None of the above aggressor nations conquered a nearby “region” and then stopped voluntarily. Each was emboldened by regional victories and sought to expand the territories it controlled. All were stopped only when their reach exceeded their grasp or when they met a foe more implacable than they were. For Obama to assume that Putin, having stretched his wings a little bit in the Ukraine, will now stop his territorial aggression is woefully or willfully naive.
For Putin, this expansion is a marvelous offset to his problems at home. Dying, aging population? Get a new population. Weakened, corrupted economy? Prop it up with wealth acquired using arms against other nations. An increasingly unpopular, undemocratic rule? Become a successful warrior king and watch your poll numbers shoot up.
The fact that Putin’s armed conquest is unsustainable in the long run (all warrior conquerors have a reach that exceeds their grasp), doesn’t mean in the short run that it won’t be successful. For a time that can run into decades, Putin will control vast swathes of reasonably productive land — something that will give him power far beyond his region. He’ll be able to meddle in Western Europe again. He’ll hold over the world the threat of an alliance with China. He’ll continue to be a power player in the Middle East, especially since Arab nations will always ally themselves with the strong horse.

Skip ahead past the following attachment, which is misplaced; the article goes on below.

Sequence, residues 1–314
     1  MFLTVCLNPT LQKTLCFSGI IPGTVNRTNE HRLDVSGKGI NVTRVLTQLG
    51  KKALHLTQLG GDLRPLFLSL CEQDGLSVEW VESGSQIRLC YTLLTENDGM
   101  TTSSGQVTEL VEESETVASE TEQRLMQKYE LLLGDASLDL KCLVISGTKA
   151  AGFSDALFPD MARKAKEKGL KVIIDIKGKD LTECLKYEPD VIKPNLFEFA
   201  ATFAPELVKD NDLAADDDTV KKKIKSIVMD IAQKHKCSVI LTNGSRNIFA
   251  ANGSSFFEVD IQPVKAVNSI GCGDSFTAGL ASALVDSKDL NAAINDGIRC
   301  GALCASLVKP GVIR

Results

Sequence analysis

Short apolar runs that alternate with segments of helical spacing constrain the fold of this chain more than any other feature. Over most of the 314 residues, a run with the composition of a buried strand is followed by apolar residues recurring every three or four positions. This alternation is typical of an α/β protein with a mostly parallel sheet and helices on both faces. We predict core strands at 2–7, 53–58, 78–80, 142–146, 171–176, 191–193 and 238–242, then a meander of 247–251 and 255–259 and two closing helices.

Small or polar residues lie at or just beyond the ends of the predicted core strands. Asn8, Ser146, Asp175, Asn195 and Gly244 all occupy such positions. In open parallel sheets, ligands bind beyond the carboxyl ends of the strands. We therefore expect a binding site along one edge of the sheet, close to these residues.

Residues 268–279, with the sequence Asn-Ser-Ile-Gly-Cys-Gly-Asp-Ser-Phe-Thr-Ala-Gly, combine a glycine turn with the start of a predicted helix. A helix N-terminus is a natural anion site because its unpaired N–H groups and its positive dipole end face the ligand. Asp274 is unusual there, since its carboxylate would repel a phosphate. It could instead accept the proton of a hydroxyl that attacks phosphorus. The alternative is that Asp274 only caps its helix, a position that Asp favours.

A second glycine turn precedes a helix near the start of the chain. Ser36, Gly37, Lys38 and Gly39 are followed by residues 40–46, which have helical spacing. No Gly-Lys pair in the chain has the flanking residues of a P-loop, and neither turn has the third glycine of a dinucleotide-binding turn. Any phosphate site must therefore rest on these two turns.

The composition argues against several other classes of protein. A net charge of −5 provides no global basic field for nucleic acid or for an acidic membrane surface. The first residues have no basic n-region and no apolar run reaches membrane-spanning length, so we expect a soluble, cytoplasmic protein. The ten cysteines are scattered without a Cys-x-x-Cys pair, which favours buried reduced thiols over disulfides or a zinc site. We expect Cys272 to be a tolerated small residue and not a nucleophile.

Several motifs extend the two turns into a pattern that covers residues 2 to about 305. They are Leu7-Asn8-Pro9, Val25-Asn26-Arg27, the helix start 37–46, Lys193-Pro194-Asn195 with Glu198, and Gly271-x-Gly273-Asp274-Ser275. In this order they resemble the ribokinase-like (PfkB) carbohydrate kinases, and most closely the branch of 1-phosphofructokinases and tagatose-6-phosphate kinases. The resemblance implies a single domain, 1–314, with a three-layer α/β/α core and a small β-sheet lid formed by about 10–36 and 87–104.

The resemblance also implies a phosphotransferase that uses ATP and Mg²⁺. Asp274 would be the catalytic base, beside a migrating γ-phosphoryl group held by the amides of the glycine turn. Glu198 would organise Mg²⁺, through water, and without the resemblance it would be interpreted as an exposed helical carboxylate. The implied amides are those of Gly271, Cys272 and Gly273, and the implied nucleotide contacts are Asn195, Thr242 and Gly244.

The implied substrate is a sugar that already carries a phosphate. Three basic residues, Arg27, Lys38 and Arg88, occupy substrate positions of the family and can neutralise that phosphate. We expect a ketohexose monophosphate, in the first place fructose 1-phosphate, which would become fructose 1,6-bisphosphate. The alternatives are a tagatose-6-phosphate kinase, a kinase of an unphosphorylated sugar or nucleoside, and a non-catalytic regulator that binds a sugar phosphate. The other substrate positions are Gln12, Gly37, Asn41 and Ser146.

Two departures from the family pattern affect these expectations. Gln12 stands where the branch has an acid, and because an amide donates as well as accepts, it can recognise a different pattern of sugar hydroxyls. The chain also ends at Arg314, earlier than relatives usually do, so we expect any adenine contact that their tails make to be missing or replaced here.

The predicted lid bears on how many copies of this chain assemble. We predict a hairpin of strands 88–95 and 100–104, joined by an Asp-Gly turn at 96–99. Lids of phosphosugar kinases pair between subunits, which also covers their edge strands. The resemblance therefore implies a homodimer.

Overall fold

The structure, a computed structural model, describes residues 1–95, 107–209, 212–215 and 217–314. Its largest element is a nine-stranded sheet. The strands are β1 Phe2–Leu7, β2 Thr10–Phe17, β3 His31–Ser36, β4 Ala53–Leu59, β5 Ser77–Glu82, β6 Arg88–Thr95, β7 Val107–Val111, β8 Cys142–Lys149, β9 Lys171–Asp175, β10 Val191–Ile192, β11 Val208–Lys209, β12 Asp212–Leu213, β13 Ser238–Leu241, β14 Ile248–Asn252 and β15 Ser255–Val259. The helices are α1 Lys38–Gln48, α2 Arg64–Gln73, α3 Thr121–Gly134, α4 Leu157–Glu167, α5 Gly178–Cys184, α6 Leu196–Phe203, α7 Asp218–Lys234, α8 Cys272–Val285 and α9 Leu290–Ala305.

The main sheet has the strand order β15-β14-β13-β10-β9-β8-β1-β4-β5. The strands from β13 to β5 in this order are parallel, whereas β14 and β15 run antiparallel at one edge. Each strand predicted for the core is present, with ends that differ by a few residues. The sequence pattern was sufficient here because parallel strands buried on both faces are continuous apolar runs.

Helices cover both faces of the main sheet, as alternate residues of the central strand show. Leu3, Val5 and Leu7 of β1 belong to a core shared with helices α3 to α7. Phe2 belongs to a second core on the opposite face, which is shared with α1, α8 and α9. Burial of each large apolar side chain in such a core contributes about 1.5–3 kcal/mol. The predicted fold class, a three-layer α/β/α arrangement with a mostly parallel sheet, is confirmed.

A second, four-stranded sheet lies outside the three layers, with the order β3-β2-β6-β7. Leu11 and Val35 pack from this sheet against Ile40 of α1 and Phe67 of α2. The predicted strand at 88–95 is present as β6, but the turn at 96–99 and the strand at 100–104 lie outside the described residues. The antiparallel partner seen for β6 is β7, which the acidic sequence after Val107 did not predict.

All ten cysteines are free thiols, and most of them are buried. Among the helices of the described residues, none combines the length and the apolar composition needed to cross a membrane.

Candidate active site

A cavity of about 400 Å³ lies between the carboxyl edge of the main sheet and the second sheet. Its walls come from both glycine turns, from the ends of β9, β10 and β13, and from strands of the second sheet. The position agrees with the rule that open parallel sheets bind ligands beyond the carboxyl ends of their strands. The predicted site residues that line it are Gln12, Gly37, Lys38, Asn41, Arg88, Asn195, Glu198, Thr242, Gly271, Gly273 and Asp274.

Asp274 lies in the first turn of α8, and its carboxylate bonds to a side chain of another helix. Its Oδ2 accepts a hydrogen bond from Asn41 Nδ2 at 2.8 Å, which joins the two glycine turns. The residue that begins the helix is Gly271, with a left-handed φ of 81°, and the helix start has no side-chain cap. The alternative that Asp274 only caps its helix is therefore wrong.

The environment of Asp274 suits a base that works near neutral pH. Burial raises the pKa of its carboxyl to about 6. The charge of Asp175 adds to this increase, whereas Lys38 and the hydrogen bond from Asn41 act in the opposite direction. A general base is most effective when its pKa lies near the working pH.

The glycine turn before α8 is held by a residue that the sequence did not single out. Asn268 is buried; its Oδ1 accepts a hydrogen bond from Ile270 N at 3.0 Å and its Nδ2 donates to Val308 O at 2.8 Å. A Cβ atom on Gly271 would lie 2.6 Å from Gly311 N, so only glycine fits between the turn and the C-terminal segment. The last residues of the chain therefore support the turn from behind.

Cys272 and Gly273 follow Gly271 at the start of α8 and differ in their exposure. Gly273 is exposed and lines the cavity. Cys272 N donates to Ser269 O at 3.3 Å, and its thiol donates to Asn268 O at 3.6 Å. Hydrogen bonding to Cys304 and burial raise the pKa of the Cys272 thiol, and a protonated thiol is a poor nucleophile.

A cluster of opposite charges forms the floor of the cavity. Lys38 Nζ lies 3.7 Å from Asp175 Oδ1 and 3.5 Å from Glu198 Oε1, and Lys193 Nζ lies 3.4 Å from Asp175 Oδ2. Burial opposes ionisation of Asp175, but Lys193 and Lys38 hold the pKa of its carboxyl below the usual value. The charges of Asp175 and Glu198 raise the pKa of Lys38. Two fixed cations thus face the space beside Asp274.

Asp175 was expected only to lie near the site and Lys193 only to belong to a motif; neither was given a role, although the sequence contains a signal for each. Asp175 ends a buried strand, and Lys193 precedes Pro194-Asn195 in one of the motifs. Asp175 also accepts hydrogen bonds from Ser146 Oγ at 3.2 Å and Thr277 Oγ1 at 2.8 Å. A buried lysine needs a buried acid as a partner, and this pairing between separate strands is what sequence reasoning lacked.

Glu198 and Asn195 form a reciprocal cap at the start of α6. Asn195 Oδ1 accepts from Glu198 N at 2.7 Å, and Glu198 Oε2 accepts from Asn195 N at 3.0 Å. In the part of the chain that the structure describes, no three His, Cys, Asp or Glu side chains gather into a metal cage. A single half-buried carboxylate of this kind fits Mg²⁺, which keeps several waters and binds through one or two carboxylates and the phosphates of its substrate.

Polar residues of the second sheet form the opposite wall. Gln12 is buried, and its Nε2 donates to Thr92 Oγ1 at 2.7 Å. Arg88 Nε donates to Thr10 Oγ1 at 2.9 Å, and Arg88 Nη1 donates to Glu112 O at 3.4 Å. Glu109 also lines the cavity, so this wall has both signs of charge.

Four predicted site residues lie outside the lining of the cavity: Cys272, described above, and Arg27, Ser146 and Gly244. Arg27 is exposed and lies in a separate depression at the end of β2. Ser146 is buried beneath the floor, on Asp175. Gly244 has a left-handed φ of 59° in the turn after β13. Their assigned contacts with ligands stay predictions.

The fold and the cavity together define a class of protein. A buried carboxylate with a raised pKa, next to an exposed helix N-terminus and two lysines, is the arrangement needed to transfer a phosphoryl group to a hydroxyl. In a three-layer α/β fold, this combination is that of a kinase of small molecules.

America’s endlessly naive peace party, which has Obama as its perfect leader, has always assumed that if America makes nice with the world, the world will suddenly become a nicer place. That this isn’t how the world works eludes these peace makers, as it did after World War I and during the Cold War and during our current World War IV.
Since time immemorial, the world has been a balance of powers. If one power weakens, other step up to fill the vacuum. The world is in bad shape when the dominant power is evil and the world is in good shape when the dominant power is less evil. I would say America is the best dominant power ever to have walked the earth (with the Pax Britannica probably a good second), but we don’t even need to award a dominant power with the label “Best Dominant Power Ever.” It’s enough to know that civilization advances (wealth, health, and innovation) if a particular reigning dominant power is simply better than the alternatives.